Figure 2: A Conceptual Representation of a Push System

The “start” scenario illustrates the situation in the cell as it has just started to work on a new product. The Process A worker has four pieces of Raw inventory waiting to be worked. There are also four pieces of Work-In-Process, or WIP, waiting for both the Process B and Process C workers. Each worker has one piece of work at their station. There are four pieces of Finished Goods waiting to be picked up after Process C.  In Figure 2, the processes are not balanced. We know this because the workers, operating at a constant rate of speed, require different amounts of time to do their work. Takt Time (TT) is noted for each process. Because at least one of the workers is over the Takt Time (TT), it will be impossible for the three-person workgroup to meet customer delivery demands unless additional resources in the form of time or people are added.

Takt is the German word for “cadence” or “rhythm” (pronounced “t-ah-k-t” in German but typically pronounced “tack” in English). In the TPS, Takt Time is the heartbeat; it is the standard time interval between the each output of a product from a process that is required to meet production demand.

TT is obtained by dividing the total amount of work time in a day or shift by the required output. That is: Takt Time = total time in seconds / required output. The bar graph below each process represents the amount of actual time that each worker requires to perform their work to the product.

The rate of completion of work for each process varies because the work is unbalanced: Process C takes the longest, B is the fastest. Process A tasks are the only ones that match the Takt Time exactly.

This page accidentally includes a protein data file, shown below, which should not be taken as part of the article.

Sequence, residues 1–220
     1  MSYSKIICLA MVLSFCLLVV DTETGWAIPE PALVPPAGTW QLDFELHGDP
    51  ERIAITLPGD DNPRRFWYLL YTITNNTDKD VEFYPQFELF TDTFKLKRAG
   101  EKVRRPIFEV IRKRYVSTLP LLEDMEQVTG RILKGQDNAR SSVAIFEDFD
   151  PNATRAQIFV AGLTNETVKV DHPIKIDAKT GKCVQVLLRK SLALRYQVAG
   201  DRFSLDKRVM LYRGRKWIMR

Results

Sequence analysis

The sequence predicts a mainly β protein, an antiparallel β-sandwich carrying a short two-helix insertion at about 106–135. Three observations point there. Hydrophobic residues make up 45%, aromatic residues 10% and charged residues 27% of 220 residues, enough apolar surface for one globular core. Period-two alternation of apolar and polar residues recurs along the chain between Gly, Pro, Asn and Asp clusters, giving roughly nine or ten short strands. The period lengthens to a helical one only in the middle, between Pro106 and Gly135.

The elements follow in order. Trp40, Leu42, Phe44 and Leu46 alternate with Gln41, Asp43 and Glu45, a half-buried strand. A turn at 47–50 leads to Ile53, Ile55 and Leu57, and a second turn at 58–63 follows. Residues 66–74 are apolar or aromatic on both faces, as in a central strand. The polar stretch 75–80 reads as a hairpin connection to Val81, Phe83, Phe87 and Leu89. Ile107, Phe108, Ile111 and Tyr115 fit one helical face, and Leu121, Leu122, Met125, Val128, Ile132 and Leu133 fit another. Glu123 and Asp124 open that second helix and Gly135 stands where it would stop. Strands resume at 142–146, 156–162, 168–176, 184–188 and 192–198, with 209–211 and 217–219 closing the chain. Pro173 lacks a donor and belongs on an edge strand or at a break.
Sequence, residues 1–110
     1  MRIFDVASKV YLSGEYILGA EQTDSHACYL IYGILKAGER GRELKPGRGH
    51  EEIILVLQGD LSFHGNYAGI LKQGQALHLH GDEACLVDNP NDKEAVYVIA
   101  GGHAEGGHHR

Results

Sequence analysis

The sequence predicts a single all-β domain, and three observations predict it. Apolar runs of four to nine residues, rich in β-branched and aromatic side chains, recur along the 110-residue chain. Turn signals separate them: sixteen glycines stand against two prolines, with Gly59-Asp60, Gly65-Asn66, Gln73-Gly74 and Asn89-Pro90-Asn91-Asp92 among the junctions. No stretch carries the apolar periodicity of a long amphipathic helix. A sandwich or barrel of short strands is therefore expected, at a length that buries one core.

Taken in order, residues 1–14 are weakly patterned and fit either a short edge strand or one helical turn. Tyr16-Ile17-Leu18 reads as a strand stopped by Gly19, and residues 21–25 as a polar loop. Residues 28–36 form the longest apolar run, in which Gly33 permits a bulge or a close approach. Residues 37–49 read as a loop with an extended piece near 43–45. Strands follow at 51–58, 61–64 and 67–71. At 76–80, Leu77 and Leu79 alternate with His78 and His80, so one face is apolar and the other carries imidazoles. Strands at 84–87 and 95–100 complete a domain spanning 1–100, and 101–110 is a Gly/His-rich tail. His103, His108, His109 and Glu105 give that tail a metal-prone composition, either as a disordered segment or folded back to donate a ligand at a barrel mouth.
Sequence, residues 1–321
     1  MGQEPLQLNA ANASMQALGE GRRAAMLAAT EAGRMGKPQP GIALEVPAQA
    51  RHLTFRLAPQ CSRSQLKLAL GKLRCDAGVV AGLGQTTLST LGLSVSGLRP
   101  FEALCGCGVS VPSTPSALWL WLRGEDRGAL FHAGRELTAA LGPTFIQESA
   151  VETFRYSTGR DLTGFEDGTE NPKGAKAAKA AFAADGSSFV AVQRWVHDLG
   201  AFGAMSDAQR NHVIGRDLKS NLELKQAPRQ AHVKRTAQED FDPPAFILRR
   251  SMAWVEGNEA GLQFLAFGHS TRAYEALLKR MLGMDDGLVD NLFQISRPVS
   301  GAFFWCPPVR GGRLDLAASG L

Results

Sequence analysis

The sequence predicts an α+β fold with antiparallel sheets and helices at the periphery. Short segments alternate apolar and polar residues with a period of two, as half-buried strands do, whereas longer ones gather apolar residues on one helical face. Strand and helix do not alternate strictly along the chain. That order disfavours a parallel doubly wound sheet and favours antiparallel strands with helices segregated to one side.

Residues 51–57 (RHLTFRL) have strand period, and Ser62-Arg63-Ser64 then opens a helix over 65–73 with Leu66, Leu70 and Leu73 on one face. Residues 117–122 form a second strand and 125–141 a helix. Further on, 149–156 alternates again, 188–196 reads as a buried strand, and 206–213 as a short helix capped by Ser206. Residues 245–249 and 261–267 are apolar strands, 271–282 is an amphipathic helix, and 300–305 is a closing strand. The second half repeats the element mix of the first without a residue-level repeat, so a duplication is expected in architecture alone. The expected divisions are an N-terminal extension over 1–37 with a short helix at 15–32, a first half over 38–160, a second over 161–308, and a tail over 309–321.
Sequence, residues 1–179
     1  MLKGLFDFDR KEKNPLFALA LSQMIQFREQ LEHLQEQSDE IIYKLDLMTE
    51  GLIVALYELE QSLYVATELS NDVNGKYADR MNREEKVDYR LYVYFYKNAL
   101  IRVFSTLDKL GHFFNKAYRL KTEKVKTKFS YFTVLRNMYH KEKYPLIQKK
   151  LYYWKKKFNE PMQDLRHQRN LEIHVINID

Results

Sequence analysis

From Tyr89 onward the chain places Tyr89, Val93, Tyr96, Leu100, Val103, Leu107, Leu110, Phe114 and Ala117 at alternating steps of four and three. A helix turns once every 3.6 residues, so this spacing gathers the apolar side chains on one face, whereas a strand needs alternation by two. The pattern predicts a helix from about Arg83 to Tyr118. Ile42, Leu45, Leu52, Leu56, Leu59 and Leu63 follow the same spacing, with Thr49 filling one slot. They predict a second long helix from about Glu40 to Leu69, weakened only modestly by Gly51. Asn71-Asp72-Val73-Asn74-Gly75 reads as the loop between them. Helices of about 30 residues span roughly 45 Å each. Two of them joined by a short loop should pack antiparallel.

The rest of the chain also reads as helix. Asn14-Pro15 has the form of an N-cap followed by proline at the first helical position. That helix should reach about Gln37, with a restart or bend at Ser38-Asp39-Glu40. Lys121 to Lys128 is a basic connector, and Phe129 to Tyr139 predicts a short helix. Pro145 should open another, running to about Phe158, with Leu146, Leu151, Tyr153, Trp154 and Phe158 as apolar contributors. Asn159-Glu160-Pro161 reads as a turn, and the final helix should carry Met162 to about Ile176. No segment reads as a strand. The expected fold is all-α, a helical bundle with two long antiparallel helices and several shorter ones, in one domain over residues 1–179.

After some period of time operating under the typical push philosophy, the original “start” situation has evolved into the “later” example shown in the bottom half of Figure 2. With a starting level of four pieces of inventory between each worker, Worker B frequently ran out of material because they are out of balance with the preceding process (A). The supervisor or manager, uncomfortable at seeing an idle worker and believing that any work is better than none, ordered that more inventory be added so that Worker B could stay busy. This typically happens as managers strive to make “earned hours” or “standard labor hours” look better. If the workers in Processes A, B and C are operating machines, the quest for better “absorption” numbers creates additional pressure to build up inventory.

Raw material accumulates with Worker A because it is pushed to the operation by Materials Management and Production Control. More and more inventory is added until all workers are kept busy all the time. The result is masses of inventory of all types – Raw Materials, WIP and Finished Goods. Upon seeing busy workers and a lot of inventory, managers receive the false perception that considerable value is being added and that there is a lot of product almost ready to meet customer demand.

The total output of the combined processes of cells A, B and C can only ship at the rate that Process C can complete the work. If any process downstream has a problem, other upstream processes will continue to churn out inventory. All of the WIP and Raw inventory is irrelevant to meeting customer requirements. All of the labor that is added to inventory that cannot be shipped is waste – and no, it is not “pent-up value.”

Worst of all, because everyone appears busy, the issue of unbalanced work between the three workers and the inability of the cell to meet takt time is seldom addressed.

This is the root cause of the entire inventory buildup. Rather than focusing effort on balancing the work in the cell, the push reaction is to resort to overtime, more workers, more expensive equipment, or all three.